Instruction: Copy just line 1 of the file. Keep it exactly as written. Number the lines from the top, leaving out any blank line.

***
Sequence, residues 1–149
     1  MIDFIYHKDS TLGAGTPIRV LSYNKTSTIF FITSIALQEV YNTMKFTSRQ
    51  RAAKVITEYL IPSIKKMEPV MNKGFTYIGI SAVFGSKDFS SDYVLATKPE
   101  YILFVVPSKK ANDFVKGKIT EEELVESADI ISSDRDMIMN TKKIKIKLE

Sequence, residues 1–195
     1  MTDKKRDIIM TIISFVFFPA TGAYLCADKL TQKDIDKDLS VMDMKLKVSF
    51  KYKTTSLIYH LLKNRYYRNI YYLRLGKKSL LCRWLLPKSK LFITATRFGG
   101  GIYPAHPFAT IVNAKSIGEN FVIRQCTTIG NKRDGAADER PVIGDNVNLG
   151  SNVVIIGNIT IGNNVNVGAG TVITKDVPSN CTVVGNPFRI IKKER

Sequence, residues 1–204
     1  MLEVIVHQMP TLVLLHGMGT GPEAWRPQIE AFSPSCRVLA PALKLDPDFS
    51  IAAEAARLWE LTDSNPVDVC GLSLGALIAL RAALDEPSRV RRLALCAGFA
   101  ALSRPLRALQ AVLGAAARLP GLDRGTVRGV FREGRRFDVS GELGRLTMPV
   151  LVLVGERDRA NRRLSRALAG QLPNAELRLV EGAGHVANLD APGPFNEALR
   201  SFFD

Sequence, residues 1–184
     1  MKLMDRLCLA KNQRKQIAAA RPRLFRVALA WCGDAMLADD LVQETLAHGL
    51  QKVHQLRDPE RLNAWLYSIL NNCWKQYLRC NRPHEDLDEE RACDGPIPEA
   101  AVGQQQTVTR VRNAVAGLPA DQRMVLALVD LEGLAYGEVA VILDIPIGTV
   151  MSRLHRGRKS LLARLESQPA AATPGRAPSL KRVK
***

Sequence, residues 1–149